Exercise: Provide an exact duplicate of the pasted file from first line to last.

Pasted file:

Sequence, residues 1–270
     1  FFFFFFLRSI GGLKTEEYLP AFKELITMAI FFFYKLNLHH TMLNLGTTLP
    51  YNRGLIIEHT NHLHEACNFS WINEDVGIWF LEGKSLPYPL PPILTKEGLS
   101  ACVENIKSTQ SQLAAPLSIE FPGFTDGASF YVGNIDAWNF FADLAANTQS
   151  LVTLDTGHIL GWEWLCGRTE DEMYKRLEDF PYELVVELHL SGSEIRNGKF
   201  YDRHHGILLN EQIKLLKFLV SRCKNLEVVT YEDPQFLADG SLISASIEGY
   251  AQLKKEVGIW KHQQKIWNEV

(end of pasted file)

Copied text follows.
Sequence, residues 1–270
     1  FFFFFFLRSI GGLKTEEYLP AFKELITMAI FFFYKLNLHH TMLNLGTTLP
    51  YNRGLIIEHT NHLHEACNFS WINEDVGIWF LEGKSLPYPL PPILTKEGLS
   101  ACVENIKSTQ SQLAAPLSIE FPGFTDGASF YVGNIDAWNF FADLAANTQS
   151  LVTLDTGHIL GWEWLCGRTE DEMYKRLEDF PYELVVELHL SGSEIRNGKF
   201  YDRHHGILLN EQIKLLKFLV SRCKNLEVVT YEDPQFLADG SLISASIEGY
   251  AQLKKEVGIW KHQQKIWNEV